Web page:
Schlettwein Says Staff Should Be Aware of Economic Uncertainties

THE minister of finance Calle Schlettwein urged his ministry’s staff to be on the alert against possible economic uncertainties around the world that may hamper progress.

Schlettwein made the statement during his ministry’s first staff meeting held at the NamPower Convention Centre on Monday.

Talking to them about his expectations, Schlettwein said the world as a whole has become a less certain environment to live in.

He said such situation is witnessed the world over from Europe and Asia to Africa, where conflicts and economic uncertainties often occur.

“This will require the ministry to have the necessary skills, resources and agility to analyse the economic and political environment, and to chart a sustainable path forward in these uncertain times,” Schlettwein told members of his ministry.

Namibia as a small economy, he explained, runs the risk of often becoming unsustainable because of happenings beyond the country’s control.

There is no doubt, he added, that the years ahead will pose major challenges both globally and domestically.

“Look at the financial crisis. It was started by an unsustainable lending to house owners that kick-started a financial crisis that send the Namibian economy almost into a recession,” he said.

Government, he further explained, had to spend significant amounts of money to buffer that crisis, which it could have used otherwise and with better impact for poverty alleviation.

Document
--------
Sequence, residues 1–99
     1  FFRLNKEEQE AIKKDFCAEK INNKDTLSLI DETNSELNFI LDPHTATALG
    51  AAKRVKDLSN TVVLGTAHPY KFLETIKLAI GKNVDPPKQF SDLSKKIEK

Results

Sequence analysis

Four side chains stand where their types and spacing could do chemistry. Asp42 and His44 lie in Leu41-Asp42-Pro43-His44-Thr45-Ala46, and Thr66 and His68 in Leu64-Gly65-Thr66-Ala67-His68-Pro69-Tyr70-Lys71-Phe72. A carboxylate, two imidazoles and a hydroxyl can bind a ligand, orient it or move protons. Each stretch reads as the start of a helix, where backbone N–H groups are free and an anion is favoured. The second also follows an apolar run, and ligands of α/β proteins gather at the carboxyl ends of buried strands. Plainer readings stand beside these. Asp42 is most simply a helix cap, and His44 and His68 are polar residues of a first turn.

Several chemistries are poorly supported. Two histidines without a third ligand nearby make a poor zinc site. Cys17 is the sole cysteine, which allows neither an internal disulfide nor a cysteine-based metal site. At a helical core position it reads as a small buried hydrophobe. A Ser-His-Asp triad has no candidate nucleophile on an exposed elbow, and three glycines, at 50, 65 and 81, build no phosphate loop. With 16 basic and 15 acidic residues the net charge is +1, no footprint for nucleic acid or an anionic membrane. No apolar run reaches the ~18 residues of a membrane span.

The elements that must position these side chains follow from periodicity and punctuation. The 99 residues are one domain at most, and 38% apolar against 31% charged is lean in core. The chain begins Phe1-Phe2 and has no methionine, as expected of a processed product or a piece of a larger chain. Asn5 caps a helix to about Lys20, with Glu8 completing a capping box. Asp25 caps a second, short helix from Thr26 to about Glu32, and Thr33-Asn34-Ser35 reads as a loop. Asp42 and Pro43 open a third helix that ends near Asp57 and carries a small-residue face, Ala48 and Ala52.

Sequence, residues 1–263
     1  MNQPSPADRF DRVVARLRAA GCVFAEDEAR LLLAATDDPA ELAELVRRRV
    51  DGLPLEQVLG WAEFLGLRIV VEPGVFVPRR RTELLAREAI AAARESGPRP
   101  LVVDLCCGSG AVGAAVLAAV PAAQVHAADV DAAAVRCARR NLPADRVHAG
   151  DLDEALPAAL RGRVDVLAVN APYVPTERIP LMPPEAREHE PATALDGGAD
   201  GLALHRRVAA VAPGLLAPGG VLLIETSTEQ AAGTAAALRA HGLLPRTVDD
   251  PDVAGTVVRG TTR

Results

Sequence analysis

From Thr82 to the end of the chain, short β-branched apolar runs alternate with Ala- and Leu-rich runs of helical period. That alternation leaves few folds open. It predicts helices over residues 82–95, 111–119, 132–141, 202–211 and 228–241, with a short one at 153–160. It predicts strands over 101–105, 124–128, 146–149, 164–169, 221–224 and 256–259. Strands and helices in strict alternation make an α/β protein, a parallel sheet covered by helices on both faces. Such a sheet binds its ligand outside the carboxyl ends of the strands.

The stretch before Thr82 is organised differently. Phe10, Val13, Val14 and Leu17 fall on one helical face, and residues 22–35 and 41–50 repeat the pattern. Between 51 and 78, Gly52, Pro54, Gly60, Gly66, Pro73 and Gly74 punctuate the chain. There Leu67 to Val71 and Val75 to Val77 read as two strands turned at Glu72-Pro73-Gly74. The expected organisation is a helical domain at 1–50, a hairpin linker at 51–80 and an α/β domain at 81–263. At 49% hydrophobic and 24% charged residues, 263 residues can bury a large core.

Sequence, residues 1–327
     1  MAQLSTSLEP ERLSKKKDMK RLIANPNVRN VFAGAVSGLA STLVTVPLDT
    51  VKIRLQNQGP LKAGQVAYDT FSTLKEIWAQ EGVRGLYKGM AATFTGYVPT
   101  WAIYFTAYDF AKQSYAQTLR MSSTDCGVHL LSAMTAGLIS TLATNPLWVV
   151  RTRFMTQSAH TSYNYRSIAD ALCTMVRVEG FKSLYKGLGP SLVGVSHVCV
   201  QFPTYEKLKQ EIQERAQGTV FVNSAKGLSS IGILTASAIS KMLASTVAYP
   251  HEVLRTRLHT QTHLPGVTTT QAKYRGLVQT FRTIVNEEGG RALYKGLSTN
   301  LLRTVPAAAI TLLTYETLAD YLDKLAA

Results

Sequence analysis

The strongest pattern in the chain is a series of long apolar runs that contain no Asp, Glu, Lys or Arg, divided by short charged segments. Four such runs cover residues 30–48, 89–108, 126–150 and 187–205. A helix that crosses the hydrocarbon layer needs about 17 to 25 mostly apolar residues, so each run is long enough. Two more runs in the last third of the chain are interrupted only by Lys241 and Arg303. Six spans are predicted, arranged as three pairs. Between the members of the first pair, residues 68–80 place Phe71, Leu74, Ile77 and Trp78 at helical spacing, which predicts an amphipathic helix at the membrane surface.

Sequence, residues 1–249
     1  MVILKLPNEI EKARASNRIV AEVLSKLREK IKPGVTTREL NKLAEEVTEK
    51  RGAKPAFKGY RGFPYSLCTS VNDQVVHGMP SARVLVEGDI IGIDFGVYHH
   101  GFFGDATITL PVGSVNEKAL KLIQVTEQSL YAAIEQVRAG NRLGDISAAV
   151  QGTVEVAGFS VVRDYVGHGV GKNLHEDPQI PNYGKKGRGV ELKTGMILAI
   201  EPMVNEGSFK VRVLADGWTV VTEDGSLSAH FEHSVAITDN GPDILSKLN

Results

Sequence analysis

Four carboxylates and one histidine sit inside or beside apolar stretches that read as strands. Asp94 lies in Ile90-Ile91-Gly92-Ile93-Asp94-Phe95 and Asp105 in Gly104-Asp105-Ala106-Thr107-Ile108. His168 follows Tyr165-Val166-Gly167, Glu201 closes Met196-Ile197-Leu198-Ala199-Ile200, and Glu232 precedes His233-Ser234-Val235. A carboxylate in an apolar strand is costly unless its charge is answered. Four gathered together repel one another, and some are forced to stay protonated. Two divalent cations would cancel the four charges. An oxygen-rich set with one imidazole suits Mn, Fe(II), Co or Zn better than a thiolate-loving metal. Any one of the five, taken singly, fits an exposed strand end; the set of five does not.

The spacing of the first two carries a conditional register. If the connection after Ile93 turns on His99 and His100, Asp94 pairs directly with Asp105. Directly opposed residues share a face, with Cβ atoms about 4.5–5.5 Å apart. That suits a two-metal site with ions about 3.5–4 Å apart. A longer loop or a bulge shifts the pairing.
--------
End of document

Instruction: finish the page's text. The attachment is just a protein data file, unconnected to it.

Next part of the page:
The minister therefore maintained that the country’s alertness to what happen in the outside world must be better captured.

“We must have better ability to foresee these things and enter into activities that at least mitigate those uncertainties that are coming from elsewhere.

On the way forward, Schlettwein says he expects management to fine-tune the ministry’s strategic plan for 2014-15 to 2016-17 to fully reflect the key performance indicators, the principles and the organisational focus areas.

The minister also mentioned how he requires a robust monitoring and evaluation framework in order to regularly track the progress in implementation and delivery over the short, medium and long term.

“Without effective planning, monitoring and evaluation, it would be impossible to judge if our work is going in the right direction, whether progress and success can be claimed and how future efforts might be improved,” he noted.

Schlettwein also underscored the need to uphold better management of public finances.

“I wish to reiterate that we must carefully scrutinise the expenditure before we decide to incur it. Excessive travelling – abroad or domestic – should be limited to essential trips, and overtime should also be controlled to critical circumstances,” he said.


Source : The Namibian